Articles | Volume 18, issue 1
Hydrol. Earth Syst. Sci., 18, 353–365, 2014
Hydrol. Earth Syst. Sci., 18, 353–365, 2014

Research article 30 Jan 2014

Research article | 30 Jan 2014

Hydrological model calibration for derived flood frequency analysis using stochastic rainfall and probability distributions of peak flows

U. Haberlandt and I. Radtke U. Haberlandt and I. Radtke
  • Institute of Water Resources Management, Hydrology and Agricultural Hydraulic Engineering, Leibniz University of Hannover, Hannover, Germany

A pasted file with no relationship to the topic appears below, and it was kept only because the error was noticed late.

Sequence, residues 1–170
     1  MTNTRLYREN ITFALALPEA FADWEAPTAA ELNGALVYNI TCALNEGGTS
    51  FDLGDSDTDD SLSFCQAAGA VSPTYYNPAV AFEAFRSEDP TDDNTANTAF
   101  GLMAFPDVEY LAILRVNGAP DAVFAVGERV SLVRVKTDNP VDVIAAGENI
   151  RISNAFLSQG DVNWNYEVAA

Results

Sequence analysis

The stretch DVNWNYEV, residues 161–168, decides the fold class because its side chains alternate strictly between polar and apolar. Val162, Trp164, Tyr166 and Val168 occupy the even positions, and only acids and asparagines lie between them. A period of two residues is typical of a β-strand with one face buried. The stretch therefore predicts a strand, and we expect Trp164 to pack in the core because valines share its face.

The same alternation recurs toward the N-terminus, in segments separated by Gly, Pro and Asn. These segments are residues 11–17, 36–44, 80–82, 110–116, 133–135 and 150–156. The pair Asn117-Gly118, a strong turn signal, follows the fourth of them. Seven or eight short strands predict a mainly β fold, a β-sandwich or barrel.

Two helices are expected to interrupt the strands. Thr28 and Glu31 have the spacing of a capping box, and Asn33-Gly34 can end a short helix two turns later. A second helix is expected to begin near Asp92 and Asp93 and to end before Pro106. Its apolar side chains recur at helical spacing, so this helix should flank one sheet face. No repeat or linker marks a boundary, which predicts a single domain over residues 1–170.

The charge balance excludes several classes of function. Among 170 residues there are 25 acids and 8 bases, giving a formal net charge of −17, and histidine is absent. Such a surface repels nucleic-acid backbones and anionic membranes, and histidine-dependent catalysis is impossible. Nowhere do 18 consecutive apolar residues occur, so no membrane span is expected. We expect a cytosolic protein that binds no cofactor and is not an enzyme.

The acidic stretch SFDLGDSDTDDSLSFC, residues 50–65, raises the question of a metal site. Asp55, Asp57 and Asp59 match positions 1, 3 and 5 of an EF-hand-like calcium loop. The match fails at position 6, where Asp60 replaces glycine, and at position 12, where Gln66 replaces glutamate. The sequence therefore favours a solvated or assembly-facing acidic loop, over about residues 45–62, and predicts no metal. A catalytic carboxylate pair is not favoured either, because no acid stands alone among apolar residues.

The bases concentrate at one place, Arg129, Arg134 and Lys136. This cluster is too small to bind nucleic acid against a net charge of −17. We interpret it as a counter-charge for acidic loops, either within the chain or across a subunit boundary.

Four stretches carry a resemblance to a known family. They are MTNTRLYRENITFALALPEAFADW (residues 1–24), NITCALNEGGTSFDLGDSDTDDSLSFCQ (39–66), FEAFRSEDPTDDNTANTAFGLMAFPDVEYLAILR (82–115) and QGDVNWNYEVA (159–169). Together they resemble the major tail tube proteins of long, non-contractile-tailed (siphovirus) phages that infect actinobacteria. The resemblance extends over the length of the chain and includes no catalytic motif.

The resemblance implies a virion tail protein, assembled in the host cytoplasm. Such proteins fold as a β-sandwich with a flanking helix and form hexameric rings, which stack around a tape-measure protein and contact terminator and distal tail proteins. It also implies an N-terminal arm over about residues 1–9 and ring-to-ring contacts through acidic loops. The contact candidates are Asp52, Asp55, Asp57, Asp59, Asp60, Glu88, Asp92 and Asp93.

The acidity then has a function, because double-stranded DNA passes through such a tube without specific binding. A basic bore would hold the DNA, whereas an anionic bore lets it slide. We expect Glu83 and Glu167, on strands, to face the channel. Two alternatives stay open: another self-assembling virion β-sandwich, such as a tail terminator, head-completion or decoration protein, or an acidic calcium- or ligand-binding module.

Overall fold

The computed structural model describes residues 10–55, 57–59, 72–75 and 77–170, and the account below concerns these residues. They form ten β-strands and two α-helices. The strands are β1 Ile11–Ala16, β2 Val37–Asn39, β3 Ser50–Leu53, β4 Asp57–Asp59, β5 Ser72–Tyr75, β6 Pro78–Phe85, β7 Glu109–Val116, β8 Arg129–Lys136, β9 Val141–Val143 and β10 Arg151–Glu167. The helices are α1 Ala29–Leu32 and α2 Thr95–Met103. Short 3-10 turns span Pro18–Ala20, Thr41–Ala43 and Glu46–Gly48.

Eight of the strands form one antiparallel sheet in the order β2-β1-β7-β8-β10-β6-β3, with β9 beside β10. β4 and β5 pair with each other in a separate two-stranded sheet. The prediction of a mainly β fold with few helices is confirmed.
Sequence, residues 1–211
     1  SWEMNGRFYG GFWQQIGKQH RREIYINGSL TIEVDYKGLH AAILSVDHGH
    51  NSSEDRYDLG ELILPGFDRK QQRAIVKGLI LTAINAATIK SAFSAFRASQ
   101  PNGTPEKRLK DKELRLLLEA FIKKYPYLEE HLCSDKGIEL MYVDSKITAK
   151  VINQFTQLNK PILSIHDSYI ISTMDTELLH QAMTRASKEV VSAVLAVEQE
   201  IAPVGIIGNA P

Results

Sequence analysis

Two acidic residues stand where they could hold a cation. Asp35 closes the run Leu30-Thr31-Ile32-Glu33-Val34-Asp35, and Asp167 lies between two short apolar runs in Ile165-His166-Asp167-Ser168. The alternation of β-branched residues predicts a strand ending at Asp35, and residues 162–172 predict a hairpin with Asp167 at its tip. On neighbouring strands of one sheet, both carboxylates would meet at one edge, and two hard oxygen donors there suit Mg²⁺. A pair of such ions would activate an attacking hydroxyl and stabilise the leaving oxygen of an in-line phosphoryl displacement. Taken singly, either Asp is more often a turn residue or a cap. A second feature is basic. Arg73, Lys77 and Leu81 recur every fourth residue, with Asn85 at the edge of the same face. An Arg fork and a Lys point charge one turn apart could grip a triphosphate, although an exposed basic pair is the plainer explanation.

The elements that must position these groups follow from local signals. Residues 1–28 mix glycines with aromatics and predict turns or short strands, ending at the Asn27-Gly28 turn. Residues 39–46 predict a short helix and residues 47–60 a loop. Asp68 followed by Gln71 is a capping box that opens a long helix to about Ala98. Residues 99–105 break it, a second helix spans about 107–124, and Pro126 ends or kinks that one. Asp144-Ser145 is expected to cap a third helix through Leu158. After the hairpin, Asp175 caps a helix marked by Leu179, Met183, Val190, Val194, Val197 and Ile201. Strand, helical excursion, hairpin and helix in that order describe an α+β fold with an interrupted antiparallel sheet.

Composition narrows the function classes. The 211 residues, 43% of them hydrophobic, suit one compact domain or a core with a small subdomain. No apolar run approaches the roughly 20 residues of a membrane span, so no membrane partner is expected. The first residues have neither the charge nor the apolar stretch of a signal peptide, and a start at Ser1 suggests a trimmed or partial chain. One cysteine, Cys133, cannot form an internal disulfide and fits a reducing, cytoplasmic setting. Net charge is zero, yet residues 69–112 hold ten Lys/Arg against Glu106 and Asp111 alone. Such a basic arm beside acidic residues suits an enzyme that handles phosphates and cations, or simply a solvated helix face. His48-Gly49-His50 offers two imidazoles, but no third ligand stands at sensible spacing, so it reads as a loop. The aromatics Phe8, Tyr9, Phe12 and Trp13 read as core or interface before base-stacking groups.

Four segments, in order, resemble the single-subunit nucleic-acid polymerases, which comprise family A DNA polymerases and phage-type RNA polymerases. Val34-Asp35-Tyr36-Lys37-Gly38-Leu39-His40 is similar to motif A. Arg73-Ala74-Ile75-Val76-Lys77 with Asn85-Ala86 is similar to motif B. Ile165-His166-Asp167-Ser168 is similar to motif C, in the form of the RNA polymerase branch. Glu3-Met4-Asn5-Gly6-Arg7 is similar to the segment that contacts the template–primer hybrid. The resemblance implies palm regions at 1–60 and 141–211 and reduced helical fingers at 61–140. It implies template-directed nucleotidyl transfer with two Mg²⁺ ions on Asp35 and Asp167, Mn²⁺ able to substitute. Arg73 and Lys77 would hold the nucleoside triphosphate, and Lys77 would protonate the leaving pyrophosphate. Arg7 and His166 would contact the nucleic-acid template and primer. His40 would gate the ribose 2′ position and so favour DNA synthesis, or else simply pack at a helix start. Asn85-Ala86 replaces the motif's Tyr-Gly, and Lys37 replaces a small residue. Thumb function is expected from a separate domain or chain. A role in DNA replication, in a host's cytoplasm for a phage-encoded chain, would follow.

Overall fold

Abstract. Derived flood frequency analysis allows the estimation of design floods with hydrological modeling for poorly observed basins considering change and taking into account flood protection measures. There are several possible choices regarding precipitation input, discharge output and consequently the calibration of the model. The objective of this study is to compare different calibration strategies for a hydrological model considering various types of rainfall input and runoff output data sets and to propose the most suitable approach. Event based and continuous, observed hourly rainfall data as well as disaggregated daily rainfall and stochastically generated hourly rainfall data are used as input for the model. As output, short hourly and longer daily continuous flow time series as well as probability distributions of annual maximum peak flow series are employed. The performance of the strategies is evaluated using the obtained different model parameter sets for continuous simulation of discharge in an independent validation period and by comparing the model derived flood frequency distributions with the observed one. The investigations are carried out for three mesoscale catchments in northern Germany with the hydrological model HEC-HMS (Hydrologic Engineering Center's Hydrologic Modeling System). The results show that (I) the same type of precipitation input data should be used for calibration and application of the hydrological model, (II) a model calibrated using a small sample of extreme values works quite well for the simulation of continuous time series with moderate length but not vice versa, and (III) the best performance with small uncertainty is obtained when stochastic precipitation data and the observed probability distribution of peak flows are used for model calibration. This outcome suggests to calibrate a hydrological model directly on probability distributions of observed peak flows using stochastic rainfall as input if its purpose is the application for derived flood frequency analysis.